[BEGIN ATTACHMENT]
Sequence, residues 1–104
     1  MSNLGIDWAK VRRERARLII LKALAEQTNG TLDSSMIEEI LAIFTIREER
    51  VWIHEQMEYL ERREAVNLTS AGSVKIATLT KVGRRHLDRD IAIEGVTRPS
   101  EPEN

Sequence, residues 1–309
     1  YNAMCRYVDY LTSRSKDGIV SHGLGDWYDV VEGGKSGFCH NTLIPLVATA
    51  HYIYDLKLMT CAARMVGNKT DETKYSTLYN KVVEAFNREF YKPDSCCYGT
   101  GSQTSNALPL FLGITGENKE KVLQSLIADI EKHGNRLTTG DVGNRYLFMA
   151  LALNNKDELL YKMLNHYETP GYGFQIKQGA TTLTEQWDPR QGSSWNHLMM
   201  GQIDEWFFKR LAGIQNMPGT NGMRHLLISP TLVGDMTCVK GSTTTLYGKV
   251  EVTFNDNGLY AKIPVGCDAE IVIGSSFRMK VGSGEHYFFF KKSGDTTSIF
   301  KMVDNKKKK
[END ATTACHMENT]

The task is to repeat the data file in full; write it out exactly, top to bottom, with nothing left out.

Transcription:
Sequence, residues 1–104
     1  MSNLGIDWAK VRRERARLII LKALAEQTNG TLDSSMIEEI LAIFTIREER
    51  VWIHEQMEYL ERREAVNLTS AGSVKIATLT KVGRRHLDRD IAIEGVTRPS
   101  EPEN

Sequence, residues 1–309
     1  YNAMCRYVDY LTSRSKDGIV SHGLGDWYDV VEGGKSGFCH NTLIPLVATA
    51  HYIYDLKLMT CAARMVGNKT DETKYSTLYN KVVEAFNREF YKPDSCCYGT
   101  GSQTSNALPL FLGITGENKE KVLQSLIADI EKHGNRLTTG DVGNRYLFMA
   151  LALNNKDELL YKMLNHYETP GYGFQIKQGA TTLTEQWDPR QGSSWNHLMM
   201  GQIDEWFFKR LAGIQNMPGT NGMRHLLISP TLVGDMTCVK GSTTTLYGKV
   251  EVTFNDNGLY AKIPVGCDAE IVIGSSFRMK VGSGEHYFFF KKSGDTTSIF
   301  KMVDNKKKK